This article belongs to Addictions theme.

Throughout time, the idea of the celebrity has been a strong ideology in popular culture. According to the American Heritage Dictionary (, the word celebrity means someone who is famous, and is renowned for their various talents. For the most part (disregarding "Big Brother" celebrities, people famous for a name's sake; Paris Hilton for example and the ever popular WAG culture in the UK), the celebrity is still someone renowned for their talents, and your huge stars are those who excel in acting, music or sports for example.

However, with the popularity of celebrities, the tabloid press's obsession with catching celebrities out and today's audience's having a slightly sadistic, voyeuristic tendency to take pleasure in other people's car crash lives (reality talk shows, Big Brother and our pleasure in seeing people of status fall hard to earth being just a couple of examples), this renown and celebrity status can be a burden on celebrities dealing with certain ailments in their lives.

So, with all these in mind, let's take a look at celebrity addiction, and the way these problems are represented in the media.

Docherty's anarchic lifestyle and excessive drug taking has made him an instant cult celebrity.
One of today's most famous "junkies" is the ever apparent UK tabloid best seller Pete Docherty. Now, although I am not a personal fan of his music, he was first thrust into the spotlight with his work with the UK bands The Libertines and later, Babyshambles. His renown from this was from a more niche audience, from people interested in his music.

However, Docherty's anarchic lifestyle and excessive drug taking has made him an instant cult celebrity. Tabloid stories and photo shoots of him leaving court for drug charges, and even pictures of drug binges in his house have created a cult following for Docherty. This coverage, and his new celebrity status has created a sympathetic fan base for the star, and (in the same way fans were blinded by the charges brought before Michael Jackson for his child molestation cases), people believe that charges shouldn't be brought up, because of who he is, and their love for him.

This causes a huge problem for hard addicts such as Docherty. His mass celebrity status satisfies our voyeuristic urge for car crash lifestyles. This means that his celebrity status comes not from his musical talents, but from drugs, drug binges and criminal activity. The problem arises then from his need to be in the spotlight. Without the drugs, his fan base and popularity was very minimal, so to satisfy his urge to be in the spotlight, he needs to give fans what they want; more car crash lifestyle choices.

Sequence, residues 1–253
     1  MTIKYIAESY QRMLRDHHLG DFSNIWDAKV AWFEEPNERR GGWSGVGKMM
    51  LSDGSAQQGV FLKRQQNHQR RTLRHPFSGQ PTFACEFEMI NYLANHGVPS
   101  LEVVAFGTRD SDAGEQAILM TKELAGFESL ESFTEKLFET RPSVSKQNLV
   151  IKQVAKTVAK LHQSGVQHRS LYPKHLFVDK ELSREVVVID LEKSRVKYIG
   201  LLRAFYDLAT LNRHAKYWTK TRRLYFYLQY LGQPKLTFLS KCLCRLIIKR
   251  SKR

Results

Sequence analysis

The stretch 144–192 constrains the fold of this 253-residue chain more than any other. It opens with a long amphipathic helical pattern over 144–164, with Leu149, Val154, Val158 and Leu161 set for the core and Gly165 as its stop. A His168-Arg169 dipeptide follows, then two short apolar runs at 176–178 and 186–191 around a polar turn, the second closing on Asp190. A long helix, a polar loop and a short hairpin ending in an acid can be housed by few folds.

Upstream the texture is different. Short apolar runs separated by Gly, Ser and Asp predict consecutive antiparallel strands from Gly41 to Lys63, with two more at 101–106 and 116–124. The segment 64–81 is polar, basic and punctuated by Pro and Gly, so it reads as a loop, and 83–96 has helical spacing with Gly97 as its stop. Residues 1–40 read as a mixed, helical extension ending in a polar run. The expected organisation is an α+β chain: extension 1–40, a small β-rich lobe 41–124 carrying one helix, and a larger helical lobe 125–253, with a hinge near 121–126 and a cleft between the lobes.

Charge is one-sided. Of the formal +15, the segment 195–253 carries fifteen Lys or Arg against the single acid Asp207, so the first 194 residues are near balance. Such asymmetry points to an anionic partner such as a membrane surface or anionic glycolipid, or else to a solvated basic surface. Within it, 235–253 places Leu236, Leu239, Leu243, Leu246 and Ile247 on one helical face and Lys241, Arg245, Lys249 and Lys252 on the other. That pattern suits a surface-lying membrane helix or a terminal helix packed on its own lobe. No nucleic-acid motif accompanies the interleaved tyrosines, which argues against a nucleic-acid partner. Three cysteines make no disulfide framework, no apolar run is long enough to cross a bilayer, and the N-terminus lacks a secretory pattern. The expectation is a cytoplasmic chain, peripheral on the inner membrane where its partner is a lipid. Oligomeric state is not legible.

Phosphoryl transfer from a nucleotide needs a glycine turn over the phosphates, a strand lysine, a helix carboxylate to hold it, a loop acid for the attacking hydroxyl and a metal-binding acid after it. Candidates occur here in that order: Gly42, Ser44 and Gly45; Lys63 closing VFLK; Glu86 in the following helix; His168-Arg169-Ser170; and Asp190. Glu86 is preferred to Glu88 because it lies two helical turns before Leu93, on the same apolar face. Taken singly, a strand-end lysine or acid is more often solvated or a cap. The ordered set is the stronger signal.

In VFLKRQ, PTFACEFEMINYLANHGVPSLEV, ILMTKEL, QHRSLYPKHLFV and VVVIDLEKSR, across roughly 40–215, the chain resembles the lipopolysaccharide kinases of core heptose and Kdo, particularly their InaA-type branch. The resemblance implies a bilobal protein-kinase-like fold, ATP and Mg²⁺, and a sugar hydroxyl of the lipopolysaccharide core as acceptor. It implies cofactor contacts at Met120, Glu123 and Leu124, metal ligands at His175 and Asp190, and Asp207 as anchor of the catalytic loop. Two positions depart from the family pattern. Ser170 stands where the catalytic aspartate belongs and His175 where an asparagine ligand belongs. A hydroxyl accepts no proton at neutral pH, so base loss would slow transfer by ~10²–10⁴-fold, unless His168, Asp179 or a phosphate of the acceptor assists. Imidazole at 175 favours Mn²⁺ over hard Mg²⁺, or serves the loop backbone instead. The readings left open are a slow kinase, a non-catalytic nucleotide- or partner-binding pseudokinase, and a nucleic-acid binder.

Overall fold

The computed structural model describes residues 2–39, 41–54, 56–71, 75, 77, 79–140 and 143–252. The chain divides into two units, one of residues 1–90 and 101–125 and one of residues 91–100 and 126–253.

However, Docherty is just one person, and is not the only case study we can look at. Hollywood sociality "party girls" such as Lindsay Lohan, Paris Hilton and Britney Spears have all had their fair share of tabloid articles; predominantly for all the wrong reasons.

However, the media saw this as profit, saw the idea of Britney's fall from grace as journalistic gold.
We are forever seeing stars such as Paris Hilton and Lindsay Lohan falling out of taxi cabs drunk, being arrested and charged for driving under the influence of drugs or alcohol or even taking stints in rehab units for their addictions. However, as far as a public breakdown is concerned, we need look no further than Britney Spears.

Constant public attention, both in her public and private life left Britney on a one way trip to the very bottom. Alcohol abuse amongst other things saw the star in a number of embarrassing situations, resulting in her shaving her head.

The media followed this over the months prior to her losing custody of her children and shaving her head, constantly reporting on her fragile state of mind. It was obvious that Britney needed help. However, the media saw this as profit, saw the idea of Britney's fall from grace as journalistic gold.

With no help, and with all her mishaps being publicly aired, it is easy to see why her addictions spiralled out of control, and this is the same story across the board (with other hard core party girls).

The life of a celebrity addict is a dangerous one. With paparazzi and tabloid newspapers constantly on the heels of celebrities, and an audiences voyeuristic need for car crash lifestyles and the dreaded celebrity "fall from grace," celebrity addicts are fodder for the press. Audiences want it, the press needs it, and the celebrities are just collateral in the media's need for sales and ratings.

Although part of me believes that, as celebrities, they have an obligation to act as role models for younger admirers. They should respect this, and be strong against vices because one of the key parts of being a celebrity is the constant attention. However, the other part of me sympathises for celebrity addicts.

Everybody makes mistakes. The constant pressure for celebrities to perform, and be on top of their game must be draining on them. This, coupled with the press's constant onslaught when things go wrong must make the pressure for a drug's escapism all the more appealing to celebrities. This, with the problem of rehab, and the media's desire for celebrities to fail must make the process daunting and a guaranteed failure, sending celebrities into a constant downward spiral.

The term celebrity is one that means to have fame and renown. The way celebrities achieve this in today's society is very different though, and the press will always look for a celebrity gone awry.